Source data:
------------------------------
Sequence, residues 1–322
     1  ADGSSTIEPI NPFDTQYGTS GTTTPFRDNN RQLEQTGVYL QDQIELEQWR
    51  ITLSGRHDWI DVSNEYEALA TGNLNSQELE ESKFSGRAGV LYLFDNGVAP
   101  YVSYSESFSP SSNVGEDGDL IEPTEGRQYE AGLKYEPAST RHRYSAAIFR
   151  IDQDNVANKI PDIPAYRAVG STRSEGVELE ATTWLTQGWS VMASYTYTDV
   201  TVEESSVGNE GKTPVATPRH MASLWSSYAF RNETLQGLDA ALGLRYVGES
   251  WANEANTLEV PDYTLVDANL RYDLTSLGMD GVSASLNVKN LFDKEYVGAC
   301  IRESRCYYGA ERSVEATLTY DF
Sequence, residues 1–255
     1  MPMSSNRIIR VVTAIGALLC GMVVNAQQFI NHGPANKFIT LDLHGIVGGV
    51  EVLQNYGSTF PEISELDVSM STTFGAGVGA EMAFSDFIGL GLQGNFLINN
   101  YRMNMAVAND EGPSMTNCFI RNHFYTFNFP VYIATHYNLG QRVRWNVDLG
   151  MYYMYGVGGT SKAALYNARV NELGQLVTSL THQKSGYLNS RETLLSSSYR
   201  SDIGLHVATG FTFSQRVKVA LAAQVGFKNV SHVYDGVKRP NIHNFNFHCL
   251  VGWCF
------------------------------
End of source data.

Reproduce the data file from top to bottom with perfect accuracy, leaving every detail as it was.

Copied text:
Sequence, residues 1–322
     1  ADGSSTIEPI NPFDTQYGTS GTTTPFRDNN RQLEQTGVYL QDQIELEQWR
    51  ITLSGRHDWI DVSNEYEALA TGNLNSQELE ESKFSGRAGV LYLFDNGVAP
   101  YVSYSESFSP SSNVGEDGDL IEPTEGRQYE AGLKYEPAST RHRYSAAIFR
   151  IDQDNVANKI PDIPAYRAVG STRSEGVELE ATTWLTQGWS VMASYTYTDV
   201  TVEESSVGNE GKTPVATPRH MASLWSSYAF RNETLQGLDA ALGLRYVGES
   251  WANEANTLEV PDYTLVDANL RYDLTSLGMD GVSASLNVKN LFDKEYVGAC
   301  IRESRCYYGA ERSVEATLTY DF
Sequence, residues 1–255
     1  MPMSSNRIIR VVTAIGALLC GMVVNAQQFI NHGPANKFIT LDLHGIVGGV
    51  EVLQNYGSTF PEISELDVSM STTFGAGVGA EMAFSDFIGL GLQGNFLINN
   101  YRMNMAVAND EGPSMTNCFI RNHFYTFNFP VYIATHYNLG QRVRWNVDLG
   151  MYYMYGVGGT SKAALYNARV NELGQLVTSL THQKSGYLNS RETLLSSSYR
   201  SDIGLHVATG FTFSQRVKVA LAAQVGFKNV SHVYDGVKRP NIHNFNFHCL
   251  VGWCF